Still, the English teenager noted a change in public perception.
“It was the first time I had seen people walking down the street wearing England shirts with our names on them,” Carney said. speaking to the Football Association website in 2018.
“That opening game at Manchester City was unbelievable. There were so many fans there.”
England’s tournament, however, ended early after defeats to Denmark and Sweden, both at Blackburn’s Ewood Park, which left them bottom of the group.
But despite the disappointment of the national team, women’s football was already gaining a new legion of fans in England.
a whole new world
Adam Bateman has good reason to remember Euro 2005. It was the first time he paid to attend a football match.
At 21, he traveled 50 miles from his home in the Cheshire village of Mobberley to Blackburn to be among the 25,694 spectators at Ewood Park for England’s final group match against Sweden.
The coach of the England team was managed to hit the ground as fans lined up at the approach.
Despite the 1-0 loss that saw Powell’s team eliminated, it opened up a whole new world for Bateman. He has lost count of the number of women’s matches he has attended since then.
“Having an international tournament in this corner of the forest was very exciting at the time,” he said. “Faye White and Rachel Unitt were the players that stood out for me because they were no-nonsense defenders.
“Outside the field, they were selling flags and I remember the atmosphere was very lively.”
Carney said that Euro 2005 helped women’s football grow in England.
“I still have people coming up to me saying that Euro 2005 was the first time they saw a women’s match and that it hooked them,” she said. “It’s a lovely thing to hear.”
Now a Manchester United WSL season ticket holder, Bateman was among the first in line when Euro 2022 tickets went on sale, shelling out £130 to watch eight matches in July.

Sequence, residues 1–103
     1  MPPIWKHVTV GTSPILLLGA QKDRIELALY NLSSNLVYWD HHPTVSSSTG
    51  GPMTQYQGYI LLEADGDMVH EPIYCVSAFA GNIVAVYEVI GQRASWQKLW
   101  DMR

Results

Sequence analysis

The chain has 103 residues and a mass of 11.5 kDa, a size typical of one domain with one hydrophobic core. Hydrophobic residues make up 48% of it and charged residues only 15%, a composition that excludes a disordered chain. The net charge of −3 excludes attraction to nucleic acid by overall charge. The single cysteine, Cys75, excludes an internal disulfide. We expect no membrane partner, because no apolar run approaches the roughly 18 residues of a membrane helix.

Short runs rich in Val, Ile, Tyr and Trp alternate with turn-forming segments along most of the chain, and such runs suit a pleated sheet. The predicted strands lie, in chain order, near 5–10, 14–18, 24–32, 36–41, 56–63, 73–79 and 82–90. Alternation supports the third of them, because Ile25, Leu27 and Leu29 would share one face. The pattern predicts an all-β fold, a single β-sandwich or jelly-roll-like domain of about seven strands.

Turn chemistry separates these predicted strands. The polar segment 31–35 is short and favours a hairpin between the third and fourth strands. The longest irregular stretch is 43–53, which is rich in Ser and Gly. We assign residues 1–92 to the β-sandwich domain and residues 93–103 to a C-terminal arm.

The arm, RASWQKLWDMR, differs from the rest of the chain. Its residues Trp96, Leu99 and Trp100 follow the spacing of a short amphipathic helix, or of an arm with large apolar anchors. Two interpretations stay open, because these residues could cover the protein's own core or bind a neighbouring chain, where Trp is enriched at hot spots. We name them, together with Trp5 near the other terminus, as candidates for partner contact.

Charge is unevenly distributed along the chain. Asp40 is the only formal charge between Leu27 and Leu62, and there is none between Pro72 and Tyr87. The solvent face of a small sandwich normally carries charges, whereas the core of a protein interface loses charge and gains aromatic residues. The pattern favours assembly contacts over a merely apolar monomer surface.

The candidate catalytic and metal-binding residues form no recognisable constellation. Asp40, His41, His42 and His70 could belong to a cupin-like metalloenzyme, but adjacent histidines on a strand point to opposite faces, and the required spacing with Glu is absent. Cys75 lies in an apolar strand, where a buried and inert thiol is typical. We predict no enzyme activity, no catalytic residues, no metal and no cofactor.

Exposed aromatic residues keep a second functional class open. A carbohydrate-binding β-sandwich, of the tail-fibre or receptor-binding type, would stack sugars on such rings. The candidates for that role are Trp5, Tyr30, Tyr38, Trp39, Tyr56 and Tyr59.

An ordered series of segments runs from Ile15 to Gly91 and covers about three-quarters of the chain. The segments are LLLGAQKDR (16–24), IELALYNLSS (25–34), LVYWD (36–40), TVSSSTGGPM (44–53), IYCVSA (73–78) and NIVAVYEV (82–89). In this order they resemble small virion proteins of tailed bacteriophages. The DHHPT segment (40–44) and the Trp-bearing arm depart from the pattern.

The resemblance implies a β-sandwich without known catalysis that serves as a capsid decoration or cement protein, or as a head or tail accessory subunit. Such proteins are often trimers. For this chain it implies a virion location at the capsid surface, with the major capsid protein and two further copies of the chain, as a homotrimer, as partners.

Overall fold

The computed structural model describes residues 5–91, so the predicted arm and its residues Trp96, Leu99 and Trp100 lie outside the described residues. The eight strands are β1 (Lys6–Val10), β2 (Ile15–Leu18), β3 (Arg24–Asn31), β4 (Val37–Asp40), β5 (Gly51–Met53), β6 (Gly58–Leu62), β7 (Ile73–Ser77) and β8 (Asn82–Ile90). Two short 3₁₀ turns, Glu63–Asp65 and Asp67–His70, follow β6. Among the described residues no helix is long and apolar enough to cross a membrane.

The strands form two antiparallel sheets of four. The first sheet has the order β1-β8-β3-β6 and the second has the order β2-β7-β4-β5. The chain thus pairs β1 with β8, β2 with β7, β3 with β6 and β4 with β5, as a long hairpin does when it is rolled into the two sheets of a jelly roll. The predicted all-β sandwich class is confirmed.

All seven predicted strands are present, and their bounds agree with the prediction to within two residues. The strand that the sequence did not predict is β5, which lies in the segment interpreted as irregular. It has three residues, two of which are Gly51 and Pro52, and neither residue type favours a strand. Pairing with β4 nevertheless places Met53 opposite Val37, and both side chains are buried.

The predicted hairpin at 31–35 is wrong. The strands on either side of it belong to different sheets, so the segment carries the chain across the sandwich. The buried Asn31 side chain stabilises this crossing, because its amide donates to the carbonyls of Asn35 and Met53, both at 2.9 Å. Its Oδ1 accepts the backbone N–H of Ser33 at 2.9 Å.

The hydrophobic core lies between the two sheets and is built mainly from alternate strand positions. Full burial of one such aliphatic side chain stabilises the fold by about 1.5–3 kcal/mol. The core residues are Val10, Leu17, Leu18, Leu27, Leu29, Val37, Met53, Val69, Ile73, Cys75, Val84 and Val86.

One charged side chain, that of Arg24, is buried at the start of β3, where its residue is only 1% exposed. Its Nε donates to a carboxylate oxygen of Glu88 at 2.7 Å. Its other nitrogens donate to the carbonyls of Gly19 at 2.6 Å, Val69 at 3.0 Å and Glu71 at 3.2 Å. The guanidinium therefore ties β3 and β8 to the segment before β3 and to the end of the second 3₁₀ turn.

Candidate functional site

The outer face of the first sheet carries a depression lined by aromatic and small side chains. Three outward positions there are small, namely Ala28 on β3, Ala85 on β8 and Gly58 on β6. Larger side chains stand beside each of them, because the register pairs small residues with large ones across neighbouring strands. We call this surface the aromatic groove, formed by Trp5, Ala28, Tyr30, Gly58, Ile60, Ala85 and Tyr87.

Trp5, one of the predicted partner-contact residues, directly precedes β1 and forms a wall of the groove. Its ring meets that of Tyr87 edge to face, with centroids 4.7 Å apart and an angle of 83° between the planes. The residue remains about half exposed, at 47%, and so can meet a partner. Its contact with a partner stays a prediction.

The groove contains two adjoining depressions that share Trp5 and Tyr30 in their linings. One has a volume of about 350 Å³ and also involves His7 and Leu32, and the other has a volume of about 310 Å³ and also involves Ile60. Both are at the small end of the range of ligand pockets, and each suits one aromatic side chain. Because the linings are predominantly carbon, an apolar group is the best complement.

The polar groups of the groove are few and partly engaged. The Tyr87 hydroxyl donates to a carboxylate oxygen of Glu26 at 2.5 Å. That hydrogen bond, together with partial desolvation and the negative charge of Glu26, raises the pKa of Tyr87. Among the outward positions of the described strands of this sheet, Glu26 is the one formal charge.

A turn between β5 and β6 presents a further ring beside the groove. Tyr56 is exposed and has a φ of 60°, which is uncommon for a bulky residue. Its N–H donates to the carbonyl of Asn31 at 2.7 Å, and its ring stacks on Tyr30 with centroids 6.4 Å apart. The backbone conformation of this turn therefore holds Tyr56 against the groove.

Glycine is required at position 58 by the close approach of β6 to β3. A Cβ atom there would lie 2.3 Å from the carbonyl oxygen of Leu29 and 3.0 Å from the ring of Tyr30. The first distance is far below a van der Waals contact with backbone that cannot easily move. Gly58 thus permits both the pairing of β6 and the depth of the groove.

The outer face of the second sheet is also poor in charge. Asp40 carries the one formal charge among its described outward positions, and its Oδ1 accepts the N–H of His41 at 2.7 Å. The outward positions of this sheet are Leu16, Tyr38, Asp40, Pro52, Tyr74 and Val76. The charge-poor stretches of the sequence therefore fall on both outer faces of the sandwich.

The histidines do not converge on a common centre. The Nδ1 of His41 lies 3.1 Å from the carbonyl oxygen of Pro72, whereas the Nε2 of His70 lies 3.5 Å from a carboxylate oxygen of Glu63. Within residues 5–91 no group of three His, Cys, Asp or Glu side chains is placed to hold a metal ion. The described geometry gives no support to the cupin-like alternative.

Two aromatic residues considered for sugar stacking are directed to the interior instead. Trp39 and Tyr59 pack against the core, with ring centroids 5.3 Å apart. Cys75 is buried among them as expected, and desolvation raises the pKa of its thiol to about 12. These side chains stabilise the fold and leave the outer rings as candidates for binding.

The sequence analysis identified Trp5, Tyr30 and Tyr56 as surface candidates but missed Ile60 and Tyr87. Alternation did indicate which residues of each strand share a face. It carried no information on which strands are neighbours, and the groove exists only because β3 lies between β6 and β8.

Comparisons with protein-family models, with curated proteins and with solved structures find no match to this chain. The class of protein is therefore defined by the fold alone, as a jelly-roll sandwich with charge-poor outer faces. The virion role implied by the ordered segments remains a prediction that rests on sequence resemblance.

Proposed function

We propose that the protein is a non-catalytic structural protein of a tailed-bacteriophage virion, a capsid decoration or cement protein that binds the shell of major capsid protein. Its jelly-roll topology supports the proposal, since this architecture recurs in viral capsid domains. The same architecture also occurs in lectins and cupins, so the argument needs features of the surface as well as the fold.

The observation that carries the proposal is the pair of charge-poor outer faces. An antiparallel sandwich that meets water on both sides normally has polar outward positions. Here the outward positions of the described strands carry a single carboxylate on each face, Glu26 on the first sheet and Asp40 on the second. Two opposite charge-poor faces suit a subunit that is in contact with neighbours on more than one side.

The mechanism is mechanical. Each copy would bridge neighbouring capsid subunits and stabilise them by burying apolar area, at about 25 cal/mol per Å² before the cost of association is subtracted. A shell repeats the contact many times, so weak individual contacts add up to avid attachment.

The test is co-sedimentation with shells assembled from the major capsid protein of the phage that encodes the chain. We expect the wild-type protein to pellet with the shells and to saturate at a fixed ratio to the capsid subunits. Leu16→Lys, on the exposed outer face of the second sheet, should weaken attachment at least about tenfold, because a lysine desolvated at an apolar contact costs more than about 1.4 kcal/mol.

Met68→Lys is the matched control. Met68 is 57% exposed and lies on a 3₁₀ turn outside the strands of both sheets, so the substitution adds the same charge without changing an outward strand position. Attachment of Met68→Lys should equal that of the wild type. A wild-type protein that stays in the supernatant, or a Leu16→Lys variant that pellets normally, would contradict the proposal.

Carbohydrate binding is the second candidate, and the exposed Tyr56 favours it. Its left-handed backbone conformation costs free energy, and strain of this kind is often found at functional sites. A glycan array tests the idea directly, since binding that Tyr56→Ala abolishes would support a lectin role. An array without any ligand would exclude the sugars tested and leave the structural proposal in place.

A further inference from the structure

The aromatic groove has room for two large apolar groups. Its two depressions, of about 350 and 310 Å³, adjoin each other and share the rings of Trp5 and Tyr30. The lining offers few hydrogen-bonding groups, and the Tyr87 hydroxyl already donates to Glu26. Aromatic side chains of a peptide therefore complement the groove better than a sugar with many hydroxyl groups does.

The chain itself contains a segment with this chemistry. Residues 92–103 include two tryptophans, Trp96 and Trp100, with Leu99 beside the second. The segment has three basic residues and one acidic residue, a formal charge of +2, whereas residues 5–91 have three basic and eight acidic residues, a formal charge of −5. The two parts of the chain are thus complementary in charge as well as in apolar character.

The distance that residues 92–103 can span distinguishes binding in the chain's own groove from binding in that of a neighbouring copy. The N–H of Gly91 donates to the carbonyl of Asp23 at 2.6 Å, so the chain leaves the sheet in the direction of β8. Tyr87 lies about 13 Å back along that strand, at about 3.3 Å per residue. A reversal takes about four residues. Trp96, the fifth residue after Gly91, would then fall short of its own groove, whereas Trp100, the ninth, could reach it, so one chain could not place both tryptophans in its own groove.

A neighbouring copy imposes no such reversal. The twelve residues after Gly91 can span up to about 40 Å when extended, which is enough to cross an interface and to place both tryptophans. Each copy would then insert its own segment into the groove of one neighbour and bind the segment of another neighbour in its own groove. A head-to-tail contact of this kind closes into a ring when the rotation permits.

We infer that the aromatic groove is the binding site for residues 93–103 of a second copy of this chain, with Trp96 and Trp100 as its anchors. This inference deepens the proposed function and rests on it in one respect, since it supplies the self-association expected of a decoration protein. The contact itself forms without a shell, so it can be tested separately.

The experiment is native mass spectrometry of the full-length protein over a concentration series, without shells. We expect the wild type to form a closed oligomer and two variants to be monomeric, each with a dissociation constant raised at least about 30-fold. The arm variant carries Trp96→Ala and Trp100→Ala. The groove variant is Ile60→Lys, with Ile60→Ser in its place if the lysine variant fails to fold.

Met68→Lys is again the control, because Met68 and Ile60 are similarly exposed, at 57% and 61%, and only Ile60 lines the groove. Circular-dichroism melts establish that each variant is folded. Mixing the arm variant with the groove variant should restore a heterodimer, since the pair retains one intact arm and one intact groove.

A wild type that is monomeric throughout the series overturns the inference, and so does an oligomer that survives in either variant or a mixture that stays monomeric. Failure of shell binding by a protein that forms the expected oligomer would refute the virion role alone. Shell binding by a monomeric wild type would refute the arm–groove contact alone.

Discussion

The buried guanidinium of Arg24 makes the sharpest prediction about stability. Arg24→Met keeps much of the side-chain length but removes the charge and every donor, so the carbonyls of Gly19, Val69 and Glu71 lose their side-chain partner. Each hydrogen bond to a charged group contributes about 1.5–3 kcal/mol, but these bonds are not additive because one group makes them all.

When Norway captured hearts in Warrington
Midfielder Georgia Stanway told BBC Radio 5 Live Breakfast that the current generation of England players have been blowing off steam in their training camp ahead of Euro 2022 by watching Love Island.
“We have a little chill room. We turn on the TV and get out the bean bags,” Stanway added.
In 2005, he was the big brother that was the reality TV ratings winner.
It was also the summer that Norway captured hearts in the rugby league town of Warrington.
A letter published in The Warrington Guardian newspaper summed up the mood after Halliwell Jones Stadium, which had only opened the previous year, was selected as the venue.
“It’s good to see an event as prestigious as Euro 2005 having matches at the new city venue,” wrote Orford’s Debbie Sanderson.
The first game in Warrington, Germany’s 1–0 group victory over Norway, was watched by 1,600 spectators. Ten days later, 5,722 attended Norway’s 3–2 semi-final victory over Sweden.
Norway coach Bjarne Berntsen was quoted as saying: “The people of Warrington have been tremendous and I think they love our girls.”
Around 120,000 spectators attended the 15 games over two weeks, which were broadcast live on Eurosport, with the BBC showing all three of England’s group matches and the final.
Over 3.5 million viewers watched the hosts’ loss to Sweden, a share of 20% of the English audience on a Saturday night.
That was music to Stone’s ears, who recalls that before Euro 2005 he had to telephone the media to give them the score of England’s matches so that it would appear in the morning papers.
However, Euro 2005 was not all smooth sailing. Five of the 15 games failed to draw crowds of 2,000.
And there was controversy a few days before the final when Lennart Johansson, then president of UEFA, claimed that sponsors of women’s football could profit from promoting the physical attributes of the players.
“Companies could make use of a lovely-looking, sweaty little girl playing on the ground, in the rainy weather. It would sell.” he told BBC Radio 5 Live.
His comments, a year after his FIFA counterpart Sepp Blatter asked players to wear “tighter shorts”, provoked an angry reaction.
However, Euro 2005 was hailed as a success.
“I am sure that we will take women’s football to another level,” UEFA chief executive Lars-Christer Olsson said at the end of the tournament.
Seventeen years later, Euro 2022 in England promises to be bigger and better than ever.